Last Week in Movie News (16 May – 22 May)

573f502b0fd8cHere is some of the major movie news that dropped last week, along with links to the full stories:

Cate Blanchett, Jeff Goldblum, and Karl Urban were all confirmed to be appearing in Thor: Ragnarok, as the characters Hela, Grand Master, and Skurge, respectively. Mark Ruffalo will also be reprising his role as Bruce Banner/The Hulk.

The second trailer for the upcoming Star Trek Beyond was released:

A spinoff movie from Suicide Squad featuring the character Harley Quinn is in development at DC/Warner Brothers. It will also feature other female heroes and villains from DC Comics.

Schedules allowing, Robert Downey Jr.’s Sherlock Holmes 3 could begin filming this fall.

Dwayne “The Rock” Johnson is set to star in The Janson Directive, which is intended to become part of a Robert Ludlam-based cinematic universe that may crossover with the character Jason Bourne in a future film.

After it was revealed that Michael Keaton was no longer in talks to join the cast of Spider-Man: Homecoming, it appears that he may have re-entered negotiations with Marvel to play a villain in the upcoming film.

It was revealed that the official title for the fifth Transformers film will be Transformers: The Last Knight.

Oddly enough, it seems that the plans for a Tetris movie are moving forward.

After nearly 20 years of trying to get it made, Terry Gilliam’s long-awaited The Man Who Killed Don Quixote is set to start filming in September.

This week, Captain America: Civil War crossed the $1 billion mark at the box office, becoming the first movie of the year to do so, and thus also becoming the highest-grossing movie of 2016 so far.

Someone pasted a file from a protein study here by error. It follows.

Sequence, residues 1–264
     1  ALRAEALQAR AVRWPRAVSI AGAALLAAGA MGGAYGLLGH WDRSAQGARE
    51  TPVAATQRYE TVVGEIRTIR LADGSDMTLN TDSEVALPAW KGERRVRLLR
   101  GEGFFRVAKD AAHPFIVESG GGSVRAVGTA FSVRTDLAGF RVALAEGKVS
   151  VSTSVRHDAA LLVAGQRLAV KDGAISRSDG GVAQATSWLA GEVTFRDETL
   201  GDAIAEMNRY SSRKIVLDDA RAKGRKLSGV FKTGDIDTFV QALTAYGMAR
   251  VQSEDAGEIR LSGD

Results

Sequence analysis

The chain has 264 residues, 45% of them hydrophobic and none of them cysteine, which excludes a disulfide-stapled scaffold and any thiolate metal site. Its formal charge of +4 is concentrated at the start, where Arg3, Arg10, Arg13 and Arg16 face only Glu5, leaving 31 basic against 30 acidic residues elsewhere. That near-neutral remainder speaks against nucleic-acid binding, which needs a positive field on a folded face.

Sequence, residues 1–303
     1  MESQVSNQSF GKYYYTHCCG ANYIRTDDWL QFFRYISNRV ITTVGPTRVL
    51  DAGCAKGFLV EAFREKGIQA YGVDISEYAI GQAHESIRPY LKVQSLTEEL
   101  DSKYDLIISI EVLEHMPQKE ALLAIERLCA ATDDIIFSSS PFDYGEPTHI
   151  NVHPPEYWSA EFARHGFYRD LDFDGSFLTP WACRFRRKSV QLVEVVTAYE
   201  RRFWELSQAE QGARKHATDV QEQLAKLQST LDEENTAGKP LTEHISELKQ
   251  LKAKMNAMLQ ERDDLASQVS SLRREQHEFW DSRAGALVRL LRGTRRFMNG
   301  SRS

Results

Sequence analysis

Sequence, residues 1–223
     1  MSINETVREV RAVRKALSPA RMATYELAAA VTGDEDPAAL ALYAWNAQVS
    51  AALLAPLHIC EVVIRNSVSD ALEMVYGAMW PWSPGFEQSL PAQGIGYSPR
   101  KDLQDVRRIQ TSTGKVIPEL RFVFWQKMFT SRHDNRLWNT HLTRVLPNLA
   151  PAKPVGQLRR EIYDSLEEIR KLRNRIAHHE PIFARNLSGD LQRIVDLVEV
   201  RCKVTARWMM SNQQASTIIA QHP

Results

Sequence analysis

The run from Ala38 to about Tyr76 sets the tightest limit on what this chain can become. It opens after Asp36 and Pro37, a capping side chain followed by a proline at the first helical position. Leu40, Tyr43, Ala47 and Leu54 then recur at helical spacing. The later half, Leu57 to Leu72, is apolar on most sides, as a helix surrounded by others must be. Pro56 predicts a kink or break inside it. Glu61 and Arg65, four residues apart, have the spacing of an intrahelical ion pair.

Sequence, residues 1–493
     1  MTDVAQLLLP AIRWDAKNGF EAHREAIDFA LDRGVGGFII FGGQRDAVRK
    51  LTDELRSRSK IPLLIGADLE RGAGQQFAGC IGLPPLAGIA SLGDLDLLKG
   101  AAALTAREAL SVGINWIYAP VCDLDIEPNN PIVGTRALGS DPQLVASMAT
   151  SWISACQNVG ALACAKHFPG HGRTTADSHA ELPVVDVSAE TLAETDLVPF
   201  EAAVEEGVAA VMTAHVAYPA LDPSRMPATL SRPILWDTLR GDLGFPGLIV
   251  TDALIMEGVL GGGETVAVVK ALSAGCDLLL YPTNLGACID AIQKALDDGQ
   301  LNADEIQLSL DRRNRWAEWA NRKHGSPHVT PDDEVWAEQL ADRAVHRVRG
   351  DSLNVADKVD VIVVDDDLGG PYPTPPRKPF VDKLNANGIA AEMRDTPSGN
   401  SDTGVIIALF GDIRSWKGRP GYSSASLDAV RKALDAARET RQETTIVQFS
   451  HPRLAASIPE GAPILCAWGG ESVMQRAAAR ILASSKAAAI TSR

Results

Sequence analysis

Warner Brothers appointed new heads of their DC Comics movie division.

Angry Birds took the #1 spot at the box office this weekend, grossing $39 million and ending Captain America: Civil War’s 2-week run at #1.



Movie Club – Unbreakable Discussion

timthumbWelcome to McKoo’s Movie Club! For more information on how it works, click here. The movie that we are discussing this week is Unbreakable. Needless to say, there are spoilers ahead, so please return after you’ve watched it if you haven’t yet.

Unbreakable is a film that was ahead of its time. Today, cinemas are inundated with superhero movies (starting next week, some multiplex theaters will have three different superhero movies playing there simultaneously). Yet when Unbreakable was released in 2000, the modern age of superhero movies had not yet fully begun. With the exception of the first X-Men film, which was released only a few months before Unbreakable, the only major superhero films that had been released were the Christopher Reeve Superman series and the Burton/Schumacher Batman franchise. Yet Unbreakable addressed common themes and elements from superhero stories (primarily comics) that have seeped into many of the most successful comic book films of today, such as the origin story, a hero’s weakness, and heroes and villains having a symbiotic relationship. Unbreakable truly feels like a movie that should have been released today, rather than 16 years ago.

One aspect of the film that I particularly enjoy is that it uses visuals rather than dialogue to tell the many parts of the story. In fact, in some instances, it uses simultaneous visuals and dialogue to tell two separate stories. One example of this is when David wakes up in the hospital and the doctor begins to question him. While we learn from the dialogue about the crash and David’s miraculous survival, we also see the story of a dying patient played out in the foreground as we watch his labored breathing become more difficult, and then we finally see a wound open up and bleed profusely. At once we see the story of two survivors of the train wreck: one that is inexplicably unharmed, and one that is mortally injured.